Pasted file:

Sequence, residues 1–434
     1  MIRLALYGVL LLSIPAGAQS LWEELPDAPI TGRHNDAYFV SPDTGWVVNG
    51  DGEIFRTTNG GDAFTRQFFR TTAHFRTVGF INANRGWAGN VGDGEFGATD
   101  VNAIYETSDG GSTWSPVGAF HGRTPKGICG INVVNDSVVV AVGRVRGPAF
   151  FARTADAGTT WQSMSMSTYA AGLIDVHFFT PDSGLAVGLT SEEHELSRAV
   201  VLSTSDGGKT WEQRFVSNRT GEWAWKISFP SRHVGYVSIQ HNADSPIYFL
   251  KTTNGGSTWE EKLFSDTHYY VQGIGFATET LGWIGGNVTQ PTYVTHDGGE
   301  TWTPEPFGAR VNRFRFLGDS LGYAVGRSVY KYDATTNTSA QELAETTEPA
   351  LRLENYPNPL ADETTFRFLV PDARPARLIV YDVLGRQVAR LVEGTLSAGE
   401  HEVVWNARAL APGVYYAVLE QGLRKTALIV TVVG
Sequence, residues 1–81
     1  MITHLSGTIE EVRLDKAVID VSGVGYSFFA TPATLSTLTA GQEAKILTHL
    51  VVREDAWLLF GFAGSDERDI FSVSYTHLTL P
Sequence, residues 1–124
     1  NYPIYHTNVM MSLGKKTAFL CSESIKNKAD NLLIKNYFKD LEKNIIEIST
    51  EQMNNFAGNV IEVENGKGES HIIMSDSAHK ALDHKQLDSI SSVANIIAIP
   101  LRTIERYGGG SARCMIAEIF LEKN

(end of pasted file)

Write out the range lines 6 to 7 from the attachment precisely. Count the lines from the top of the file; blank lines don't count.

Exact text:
   201  VLSTSDGGKT WEQRFVSNRT GEWAWKISFP SRHVGYVSIQ HNADSPIYFL
   251  KTTNGGSTWE EKLFSDTHYY VQGIGFATET LGWIGGNVTQ PTYVTHDGGE